10 November 2008

The Pornography Law -- A Dead Document?

The Jakarta Post recently reported that Constitutional Law Expert, Irman Putra Sidin, saying, "How can we expect the law to be implemented when people and officials oppose it? Who's going to enforce it? It will end up as merely a dead document," based on the fact that at least four provinces were going to actively oppose the law and refuse to enforce it. Those provinces are Bali, North Sulawesi, Yogyakarta, and West Papua.

The rationale for this position is that if the law is not implemented nationwide then can it be valid anywhere. I would have thought that once the law was passed by parliament and enacted as law then it was the law of the land. Therefore, in a republic like the Republic of Indonesia, the law would apply everywhere.

A more interesting argument would be does the refusal to implement the law amount to the beginning of an act of secession? How far do the provinces want to push this? What sanctions could the State impose on rogue provinces that refuse to enforce state laws and regulations.

In fact this should be read as a preliminary movement towards seeking independence from the Republic of Indonesia. Quite clearly the intent of West Papua is to secede from the Republic if they are required to enforce the law. Andrikus Mofu, spokesperson for the West Papuan delegation said the following, "We will inform the international community of our aspiration and our intention to separate from Indonesia." This seems to leave little doubt where the West Papuan intentions lay.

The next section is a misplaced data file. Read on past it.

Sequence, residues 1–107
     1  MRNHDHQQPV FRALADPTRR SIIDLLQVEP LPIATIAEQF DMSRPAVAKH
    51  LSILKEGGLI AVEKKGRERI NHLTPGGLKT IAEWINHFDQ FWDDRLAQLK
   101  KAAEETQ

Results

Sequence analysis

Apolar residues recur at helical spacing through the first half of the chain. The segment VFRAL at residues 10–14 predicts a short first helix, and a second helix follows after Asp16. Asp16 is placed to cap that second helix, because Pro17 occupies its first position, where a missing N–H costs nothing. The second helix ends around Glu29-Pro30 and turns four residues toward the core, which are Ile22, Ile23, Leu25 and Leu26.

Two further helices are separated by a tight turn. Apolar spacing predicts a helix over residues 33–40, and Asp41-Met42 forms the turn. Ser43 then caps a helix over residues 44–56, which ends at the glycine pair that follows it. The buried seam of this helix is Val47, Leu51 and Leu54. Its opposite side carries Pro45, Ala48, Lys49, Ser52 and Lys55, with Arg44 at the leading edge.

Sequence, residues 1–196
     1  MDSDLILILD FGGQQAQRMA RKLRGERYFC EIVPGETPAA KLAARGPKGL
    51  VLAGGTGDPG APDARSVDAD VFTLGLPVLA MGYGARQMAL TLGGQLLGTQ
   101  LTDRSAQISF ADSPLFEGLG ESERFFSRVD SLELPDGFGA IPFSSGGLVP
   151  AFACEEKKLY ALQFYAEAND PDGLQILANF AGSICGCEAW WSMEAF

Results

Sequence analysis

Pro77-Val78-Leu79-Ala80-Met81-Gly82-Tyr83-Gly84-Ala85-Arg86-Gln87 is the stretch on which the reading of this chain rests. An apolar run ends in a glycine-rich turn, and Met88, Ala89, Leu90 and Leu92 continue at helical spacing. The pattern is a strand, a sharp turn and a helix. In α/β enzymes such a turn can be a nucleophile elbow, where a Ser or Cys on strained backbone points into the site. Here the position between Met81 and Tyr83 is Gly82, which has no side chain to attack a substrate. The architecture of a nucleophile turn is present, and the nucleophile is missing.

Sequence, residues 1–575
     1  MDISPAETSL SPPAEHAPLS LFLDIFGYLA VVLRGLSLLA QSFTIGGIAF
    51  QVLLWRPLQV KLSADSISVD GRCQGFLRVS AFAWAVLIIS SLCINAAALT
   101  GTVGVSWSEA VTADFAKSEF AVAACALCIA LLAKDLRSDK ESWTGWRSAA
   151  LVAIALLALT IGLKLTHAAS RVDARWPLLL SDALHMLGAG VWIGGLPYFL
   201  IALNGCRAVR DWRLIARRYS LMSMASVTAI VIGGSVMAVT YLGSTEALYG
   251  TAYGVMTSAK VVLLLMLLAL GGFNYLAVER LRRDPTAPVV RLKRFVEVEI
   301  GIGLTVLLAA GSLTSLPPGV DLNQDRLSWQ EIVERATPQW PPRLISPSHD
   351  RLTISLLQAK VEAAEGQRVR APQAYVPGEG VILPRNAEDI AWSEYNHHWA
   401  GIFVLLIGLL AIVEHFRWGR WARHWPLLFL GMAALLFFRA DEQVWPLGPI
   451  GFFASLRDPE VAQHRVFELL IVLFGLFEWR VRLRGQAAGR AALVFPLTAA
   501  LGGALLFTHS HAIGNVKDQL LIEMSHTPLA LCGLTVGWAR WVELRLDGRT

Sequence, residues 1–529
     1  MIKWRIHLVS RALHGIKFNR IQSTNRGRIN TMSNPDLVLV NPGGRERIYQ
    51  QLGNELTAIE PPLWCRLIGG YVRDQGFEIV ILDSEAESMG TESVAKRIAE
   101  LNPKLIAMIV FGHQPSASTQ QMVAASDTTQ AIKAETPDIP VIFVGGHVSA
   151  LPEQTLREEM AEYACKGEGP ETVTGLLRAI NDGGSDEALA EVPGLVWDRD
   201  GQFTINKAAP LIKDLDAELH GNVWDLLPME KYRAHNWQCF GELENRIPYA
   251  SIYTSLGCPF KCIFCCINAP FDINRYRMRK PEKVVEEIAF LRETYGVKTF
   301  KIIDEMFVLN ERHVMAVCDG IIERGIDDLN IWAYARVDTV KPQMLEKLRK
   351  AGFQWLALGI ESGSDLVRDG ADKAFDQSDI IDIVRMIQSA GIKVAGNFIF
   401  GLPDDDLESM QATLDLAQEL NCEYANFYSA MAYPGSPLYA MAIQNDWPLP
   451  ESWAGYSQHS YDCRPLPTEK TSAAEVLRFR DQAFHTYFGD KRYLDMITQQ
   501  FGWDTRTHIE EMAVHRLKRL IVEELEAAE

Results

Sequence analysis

The most likely course of action will be a Constitutional Court challenge to test the binding nature and legality of the provisions. The definitions of pornography and the manner that pornography is to be determined is arguably loose. Nevertheless, this is an issue that the Court will be asked to determine.

The reality is the laws of the land are to be applied and all are to be equal before the law. Special dispensation in one province compared to another means that there is no equality before the law and this is more likely to lead to problems than the enforcement of the law.

Of all the things that could trigger the disintegration of the Republic it is interesting that it is the Pornography Law that is being talked about as being this trigger.


schmerly said...


This is scary if various provinces decided to break away from Indonesia, do you think it could develop into a civil war?

Rob Baiton said...


Nope. None of these provinces could raise an army that might be able to sustain a prolonged conflict or civil war.

I just cannot see them being able to do the logistics of a civil war.

There is a likelihood that the Constitutional Court will void parts of the law anyway. Even if the Constitutional Court voids none of the provisions, the questions of enforcement remain.

The police force is a national police force. So, if the orders came down from the top that certain provisions must be enforced then so they will be.

The courts are also a national institution. So, in a similar vein, if the orders come down from the top that matters must be dealt with according to the prevailing law, then so they will be.

The idea of wanting to secede is backing yourself into a corner where the only way out is to be as good as your word. Indonesia has a history of trying to crush secessionist / independence movements.

To be honest I just do not see a civil war over this.